* We show our ignorance.  That’s right.  If our team member has done something significant and we don’t acknowledge it, they most likely will think “he/she has no clue what I do or how hard I work to make an impact here.”  And that is true.

* We exchange price tags.  What we focus on demonstrates what we value.  If we continually focus on what has gone wrong (according to our perspective), we show our team members what we value.  When they have really hit a significant goal or company metric and we basically ignore it, we have taken the “price tag” off that achievement and placed it on “well, we need to talk about how you…”  Where does that leave the team member?  Frustrated.  They just accomplished something that they are required to do – and exceeded expectations.  And what do we as leaders do?  Place value on something else with barely a recognition of their work.  Don’t ever let a team member feel “well, I’m damned if I do and I’m damned if I don’t”.

How to Praise

*Be specific.  It may seem like this is out of the “Mr. Obvious” playbook, but praise them specifically for what they have done.  Document this achievement and put it in their quarterly/annual reviews.  I’ve never had a team member be unhappy to review once again a major accomplishment.  They loved seeing it again.

* Make eye contact.  Look them in the eye when you are praise them specifically.  I’m bad at this.  But when I do it, it positively impacts me AND the team member.  It gets all of the focus on what you’re saying.

* Smile.  Again, I’ve got work to do here.  But if you are saying something positive, look positive.

* Remind them of their accomplishment.  Weeks or months down the road, you may be in a coaching session with this team member and they are not having a good stretch.  Remind them of what they can accomplish.  Remind them of what they did “back then”.  They can do it again.  Encourage them.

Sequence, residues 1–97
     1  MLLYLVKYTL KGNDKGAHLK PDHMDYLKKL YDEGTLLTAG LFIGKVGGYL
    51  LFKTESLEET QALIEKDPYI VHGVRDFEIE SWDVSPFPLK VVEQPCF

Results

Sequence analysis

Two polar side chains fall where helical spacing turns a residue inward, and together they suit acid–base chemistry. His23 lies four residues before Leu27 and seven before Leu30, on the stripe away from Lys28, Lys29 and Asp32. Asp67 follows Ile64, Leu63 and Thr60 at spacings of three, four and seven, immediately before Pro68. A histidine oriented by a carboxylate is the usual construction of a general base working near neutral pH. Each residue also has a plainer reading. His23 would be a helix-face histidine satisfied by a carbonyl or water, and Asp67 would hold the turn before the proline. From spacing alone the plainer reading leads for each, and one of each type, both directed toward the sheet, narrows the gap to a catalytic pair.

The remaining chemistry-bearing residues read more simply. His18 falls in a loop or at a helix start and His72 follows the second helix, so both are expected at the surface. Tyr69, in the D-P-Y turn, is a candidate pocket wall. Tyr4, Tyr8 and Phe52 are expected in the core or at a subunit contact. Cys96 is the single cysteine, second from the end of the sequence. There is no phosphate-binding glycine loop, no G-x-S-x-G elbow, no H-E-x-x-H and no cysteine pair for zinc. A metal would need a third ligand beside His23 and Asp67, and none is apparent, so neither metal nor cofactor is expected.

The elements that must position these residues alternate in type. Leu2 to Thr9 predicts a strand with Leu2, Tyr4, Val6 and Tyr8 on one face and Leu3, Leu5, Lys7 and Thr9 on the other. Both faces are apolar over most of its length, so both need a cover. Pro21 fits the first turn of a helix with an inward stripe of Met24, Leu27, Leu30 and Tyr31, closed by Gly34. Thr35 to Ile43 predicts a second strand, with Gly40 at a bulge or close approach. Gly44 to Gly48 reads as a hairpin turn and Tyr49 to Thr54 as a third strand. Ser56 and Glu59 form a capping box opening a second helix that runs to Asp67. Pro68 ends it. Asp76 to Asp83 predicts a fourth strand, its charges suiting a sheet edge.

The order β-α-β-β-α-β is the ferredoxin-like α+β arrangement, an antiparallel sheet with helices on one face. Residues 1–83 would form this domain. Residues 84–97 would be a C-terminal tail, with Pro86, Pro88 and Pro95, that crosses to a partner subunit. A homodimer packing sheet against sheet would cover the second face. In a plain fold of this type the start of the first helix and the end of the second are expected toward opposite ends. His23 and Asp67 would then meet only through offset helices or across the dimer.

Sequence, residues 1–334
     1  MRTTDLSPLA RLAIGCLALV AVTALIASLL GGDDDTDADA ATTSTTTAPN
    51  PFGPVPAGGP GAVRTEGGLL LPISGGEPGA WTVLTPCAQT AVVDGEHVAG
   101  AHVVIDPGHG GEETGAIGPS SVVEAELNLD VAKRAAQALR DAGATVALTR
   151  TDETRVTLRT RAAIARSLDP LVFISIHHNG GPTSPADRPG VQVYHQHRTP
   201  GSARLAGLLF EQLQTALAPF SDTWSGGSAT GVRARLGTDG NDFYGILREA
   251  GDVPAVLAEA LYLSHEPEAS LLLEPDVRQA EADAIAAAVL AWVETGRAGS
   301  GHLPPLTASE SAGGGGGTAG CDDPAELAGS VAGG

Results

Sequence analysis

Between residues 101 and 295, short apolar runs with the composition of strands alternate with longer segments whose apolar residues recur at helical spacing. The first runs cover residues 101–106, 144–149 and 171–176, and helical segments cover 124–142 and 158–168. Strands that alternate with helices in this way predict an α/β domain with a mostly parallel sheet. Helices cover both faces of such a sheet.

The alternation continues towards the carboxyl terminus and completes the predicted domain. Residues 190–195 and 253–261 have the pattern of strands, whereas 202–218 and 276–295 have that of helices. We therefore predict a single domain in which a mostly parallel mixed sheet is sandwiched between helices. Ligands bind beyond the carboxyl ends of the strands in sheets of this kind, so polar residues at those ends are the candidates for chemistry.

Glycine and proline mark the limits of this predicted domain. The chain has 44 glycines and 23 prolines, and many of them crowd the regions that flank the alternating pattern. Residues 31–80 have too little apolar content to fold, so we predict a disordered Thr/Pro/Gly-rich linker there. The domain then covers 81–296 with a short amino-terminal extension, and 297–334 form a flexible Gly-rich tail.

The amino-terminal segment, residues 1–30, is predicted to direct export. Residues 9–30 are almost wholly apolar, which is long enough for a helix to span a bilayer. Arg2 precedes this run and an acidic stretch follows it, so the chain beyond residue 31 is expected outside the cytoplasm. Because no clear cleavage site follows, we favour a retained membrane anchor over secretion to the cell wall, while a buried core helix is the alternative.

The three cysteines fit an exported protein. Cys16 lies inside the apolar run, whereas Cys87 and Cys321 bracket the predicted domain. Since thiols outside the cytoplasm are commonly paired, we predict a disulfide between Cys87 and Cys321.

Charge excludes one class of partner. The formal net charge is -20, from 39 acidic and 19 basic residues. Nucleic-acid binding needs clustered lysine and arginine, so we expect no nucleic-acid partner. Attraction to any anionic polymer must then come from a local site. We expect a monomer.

I just had a coaching session with one of my leaders yesterday.  I was so encouraged to hear how an online class had gone for her.  She took the lead in the class and was recognized for it by her professor.  I was able to put into my own words why this experience is true at her work, too.  She is very passionate about her job, her team, and her impact.  I was able to speak encouragement to her.

A few weeks ago, I sat in on an interview with the leader of my call center.  We were meeting a young lady who was hoping to get our part-time position.  She said at the beginning on the interview that she was nervous and not very experienced in interviewing.

But as my team leader worked her way through the conversation, this young lady spoke clearly, specifically, and confidently of her experiences and what she would bring to the table.  At the end, I said I had something to say.  I asked the young lady to look at me and I said, “you did an excellent job in this interview.  You did not come across nervous.  You gave specific examples of how you handled various work scenarios.  You demonstrated confidence in you as a person and your abilities.  You interviewed very well.”

The young lady almost cried.  She then said that she so needed to hear that.  She told me how much that meant to her.

Oh, yes, we hired her and she started this past Monday in training.

Don’t underestimate praise.  Don’t forget it.  As a leader, you probably don’t know how much your words of praise means to a team member.  The benefits for them, for your team, and for your company are endless.